Transformation Tuesday


Clara Lynch, Yearbook editor

Tuesday morning, Health Occupations Students of America (HOSA) students lined the entrance to Mountain Vista greeting students. It’s Transformation Tuesday, a day to transform bad habits into healthy ones. Today’s activities were brought to life by HOSA students who made sure a variety of events kept students engaged throughout the day. 

At the start of every class, an announcement was made giving students a quick brain break and a chance to stretch their legs. These brain breaks included activities such as; moving each hand in a different direction, thumb wars with a partner, and toe taps.

During class periods 4-6, a Physical Activity Fair was hosted in the main hall. Tables were set up with activities for students to show off their physical abilities and learn healthy habits. Doctors, therapists, and other professionals talked to students giving them guidance towards leading a healthy lifestyle. 

To wrap up the day, HOSA students once again stood by the doors waving goodbye to their peers.

Victoria Demarest, 11, walks through the doors into the energy of Wellness Week. “[Wellness week] is really good for the school,” Demarest said. “It’s a really fun and good opportunity for everyone.” Demarest hopes to gain new experiences such as friends at Vista during Wellness Week. Photo by Jeanna Park
Smiling through the cold, Rowan Brady, Kellie Hare and Lili Dyer, 11, hand out empowering stickers to students. “[We want] to get everyone up and active,” Hare said. “But also getting involved in Wellness Week and showing effort.” Hare continues to motivate students by creating a unique energy during Wellness Week with HOSA. Photo by: Jeanna Park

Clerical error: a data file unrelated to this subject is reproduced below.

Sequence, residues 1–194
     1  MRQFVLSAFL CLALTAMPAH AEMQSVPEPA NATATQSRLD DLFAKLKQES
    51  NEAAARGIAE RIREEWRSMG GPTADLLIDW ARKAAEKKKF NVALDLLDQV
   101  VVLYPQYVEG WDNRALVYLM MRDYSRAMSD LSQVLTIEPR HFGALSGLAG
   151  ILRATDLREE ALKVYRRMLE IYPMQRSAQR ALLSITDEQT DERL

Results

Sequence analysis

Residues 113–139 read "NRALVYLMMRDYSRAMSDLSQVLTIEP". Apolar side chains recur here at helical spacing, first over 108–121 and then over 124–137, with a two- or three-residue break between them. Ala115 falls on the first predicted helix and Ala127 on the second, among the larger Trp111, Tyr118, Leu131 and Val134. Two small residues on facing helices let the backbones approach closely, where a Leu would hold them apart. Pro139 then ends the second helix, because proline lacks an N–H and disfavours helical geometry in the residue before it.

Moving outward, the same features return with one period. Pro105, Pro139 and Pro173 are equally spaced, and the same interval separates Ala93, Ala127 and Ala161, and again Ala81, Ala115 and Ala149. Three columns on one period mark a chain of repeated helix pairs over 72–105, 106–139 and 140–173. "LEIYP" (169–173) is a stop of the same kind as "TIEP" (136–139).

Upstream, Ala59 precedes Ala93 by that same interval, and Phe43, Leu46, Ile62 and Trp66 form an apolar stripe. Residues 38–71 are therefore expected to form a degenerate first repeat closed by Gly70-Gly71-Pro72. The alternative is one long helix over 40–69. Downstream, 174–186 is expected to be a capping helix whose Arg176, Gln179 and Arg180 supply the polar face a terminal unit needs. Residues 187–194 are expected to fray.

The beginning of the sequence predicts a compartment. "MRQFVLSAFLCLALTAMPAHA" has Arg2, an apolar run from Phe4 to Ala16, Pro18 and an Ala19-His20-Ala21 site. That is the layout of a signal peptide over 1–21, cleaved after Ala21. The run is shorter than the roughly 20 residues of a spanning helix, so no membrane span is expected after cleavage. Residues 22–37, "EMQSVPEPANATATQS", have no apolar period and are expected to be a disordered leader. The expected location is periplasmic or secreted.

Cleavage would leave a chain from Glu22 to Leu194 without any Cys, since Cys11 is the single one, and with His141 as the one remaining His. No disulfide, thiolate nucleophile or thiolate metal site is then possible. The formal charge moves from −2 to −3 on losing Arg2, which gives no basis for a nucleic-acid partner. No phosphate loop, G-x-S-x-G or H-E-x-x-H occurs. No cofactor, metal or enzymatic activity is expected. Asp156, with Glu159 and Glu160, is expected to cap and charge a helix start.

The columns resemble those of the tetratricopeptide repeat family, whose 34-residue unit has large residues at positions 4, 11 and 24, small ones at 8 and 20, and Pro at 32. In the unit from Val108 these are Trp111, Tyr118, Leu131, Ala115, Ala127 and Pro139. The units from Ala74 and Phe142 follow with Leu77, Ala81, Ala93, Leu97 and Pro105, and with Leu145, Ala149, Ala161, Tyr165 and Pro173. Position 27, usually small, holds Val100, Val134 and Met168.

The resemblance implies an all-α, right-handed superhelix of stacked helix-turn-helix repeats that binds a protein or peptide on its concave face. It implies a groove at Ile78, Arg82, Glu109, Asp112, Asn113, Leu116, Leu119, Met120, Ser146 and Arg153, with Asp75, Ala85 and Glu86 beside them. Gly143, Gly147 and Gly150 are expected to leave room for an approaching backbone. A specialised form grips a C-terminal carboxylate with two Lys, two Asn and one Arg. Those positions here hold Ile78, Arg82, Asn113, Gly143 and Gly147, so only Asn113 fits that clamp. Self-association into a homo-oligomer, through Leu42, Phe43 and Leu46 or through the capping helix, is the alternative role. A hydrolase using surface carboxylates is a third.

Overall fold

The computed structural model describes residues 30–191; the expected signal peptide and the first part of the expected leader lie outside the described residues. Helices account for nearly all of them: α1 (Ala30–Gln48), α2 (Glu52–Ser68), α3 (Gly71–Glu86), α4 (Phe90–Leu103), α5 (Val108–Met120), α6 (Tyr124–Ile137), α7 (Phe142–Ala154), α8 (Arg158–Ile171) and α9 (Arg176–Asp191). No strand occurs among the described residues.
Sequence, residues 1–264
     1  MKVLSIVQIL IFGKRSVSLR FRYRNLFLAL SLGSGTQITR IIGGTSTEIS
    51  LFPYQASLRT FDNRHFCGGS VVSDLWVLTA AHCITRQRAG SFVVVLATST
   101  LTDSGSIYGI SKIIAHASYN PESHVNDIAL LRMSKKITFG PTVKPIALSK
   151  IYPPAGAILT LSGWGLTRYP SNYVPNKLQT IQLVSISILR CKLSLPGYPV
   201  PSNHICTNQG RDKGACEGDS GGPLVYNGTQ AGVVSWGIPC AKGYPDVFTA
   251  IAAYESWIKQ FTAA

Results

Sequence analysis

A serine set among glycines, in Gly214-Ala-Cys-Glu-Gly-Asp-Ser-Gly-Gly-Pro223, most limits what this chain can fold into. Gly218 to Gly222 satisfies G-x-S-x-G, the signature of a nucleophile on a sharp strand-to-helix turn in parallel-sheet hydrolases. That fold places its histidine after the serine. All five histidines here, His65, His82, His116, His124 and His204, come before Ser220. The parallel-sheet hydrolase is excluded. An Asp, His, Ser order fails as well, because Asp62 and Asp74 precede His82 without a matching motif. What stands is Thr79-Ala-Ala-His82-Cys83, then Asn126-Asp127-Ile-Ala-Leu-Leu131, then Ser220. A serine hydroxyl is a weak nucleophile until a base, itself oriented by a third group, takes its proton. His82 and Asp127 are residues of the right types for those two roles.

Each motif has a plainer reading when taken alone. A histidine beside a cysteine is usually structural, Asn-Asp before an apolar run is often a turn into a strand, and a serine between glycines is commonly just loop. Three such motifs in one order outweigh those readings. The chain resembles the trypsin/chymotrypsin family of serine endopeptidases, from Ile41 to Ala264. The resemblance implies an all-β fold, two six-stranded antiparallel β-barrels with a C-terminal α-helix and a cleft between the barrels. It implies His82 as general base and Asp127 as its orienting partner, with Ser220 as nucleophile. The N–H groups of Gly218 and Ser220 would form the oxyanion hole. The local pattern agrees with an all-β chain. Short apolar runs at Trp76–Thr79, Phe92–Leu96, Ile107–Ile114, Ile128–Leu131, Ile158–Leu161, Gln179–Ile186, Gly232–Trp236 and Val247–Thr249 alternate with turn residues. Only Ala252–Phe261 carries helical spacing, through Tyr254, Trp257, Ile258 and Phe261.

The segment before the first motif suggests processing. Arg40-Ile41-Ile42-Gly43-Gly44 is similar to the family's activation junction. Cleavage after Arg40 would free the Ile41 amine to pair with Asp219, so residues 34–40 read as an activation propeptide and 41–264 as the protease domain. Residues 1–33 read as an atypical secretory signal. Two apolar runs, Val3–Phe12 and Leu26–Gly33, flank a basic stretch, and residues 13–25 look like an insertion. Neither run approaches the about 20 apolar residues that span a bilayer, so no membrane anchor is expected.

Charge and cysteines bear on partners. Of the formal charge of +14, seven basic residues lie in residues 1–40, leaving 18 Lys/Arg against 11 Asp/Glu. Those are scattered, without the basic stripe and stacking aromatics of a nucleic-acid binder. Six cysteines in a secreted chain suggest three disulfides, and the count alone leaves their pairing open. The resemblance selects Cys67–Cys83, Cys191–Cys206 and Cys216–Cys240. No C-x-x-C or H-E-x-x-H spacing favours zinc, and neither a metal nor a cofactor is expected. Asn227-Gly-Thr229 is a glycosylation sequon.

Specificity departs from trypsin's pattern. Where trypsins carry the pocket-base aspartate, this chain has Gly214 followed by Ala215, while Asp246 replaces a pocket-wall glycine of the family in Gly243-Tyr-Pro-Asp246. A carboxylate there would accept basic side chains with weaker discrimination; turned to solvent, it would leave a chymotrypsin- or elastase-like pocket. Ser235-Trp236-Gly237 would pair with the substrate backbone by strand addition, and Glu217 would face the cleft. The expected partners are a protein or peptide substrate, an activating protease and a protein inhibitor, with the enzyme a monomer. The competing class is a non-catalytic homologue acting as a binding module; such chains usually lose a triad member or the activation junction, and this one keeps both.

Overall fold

HOSA students who are in charge of organizing the physical activity fair inform students about bone marrow donations. “It can save lives and it is definitely something that’s beneficial for people in hospitals,” Alexa Purcell, 12, said. HOSA helped plan all of Tuesday’s events during Wellness Week and shared information regarding physical health on the announcements. Photo by : Brooke Kubosh
During the challenge, Evan Mars, 9, shows how fit he is based on how quickly he can complete the required tasks. “Towing the sled [was the easiest part]” Mars said. The physical activity fair has sleds that challenges students to compete, racing their fellow students. Photo by: Brooke Kubosh
Looking at model lungs at the physical activity fair for Wellness Week, Taylor Witte, 11, converses with the health experts. “I learned about the risks of smoking and that a smoking lung can not take in as much air,” Witte said. The fair had many booths to educate students, as well as playiing games and participating in activities that raised the heart rate. Photo by: Brooke Kubosh

Addy Jones, 10, is a JV soccer player, but she also follows her Mountain Vista pride by taking place in Wellness Week. “I did push ups because of my friends,” Jones said. Her favorite part about Wellness Week so far is all of the booths out for fitness day. Photo by : Weston Nicholson

Math teacher Jason Acosta takes on the challenge of beating one of his students by competing in a push up contest. “I think [being physical] is a really good idea, I always like to get my kids up and moving all the time,” Acosta said. “It’s good because you all have a lot of energy, especially since last year you didn’t get to do anything.” Acosta thinks by exercising it helps your brain so much more with school work. Photo by : Weston Nicholson
Getting ready for the teacher walk at Mountain Vista on Nov 9, science teacher Heather Riggs waits at the front of the school for her fellow teachers to join. “Our wellness walk is just a chance to get outside when we normally can kind of get [stuck] in our teaching cave,” said Riggs. She believes that wellness week has gotten better every year and is excited to see the event expand. Photo by : Grace Ren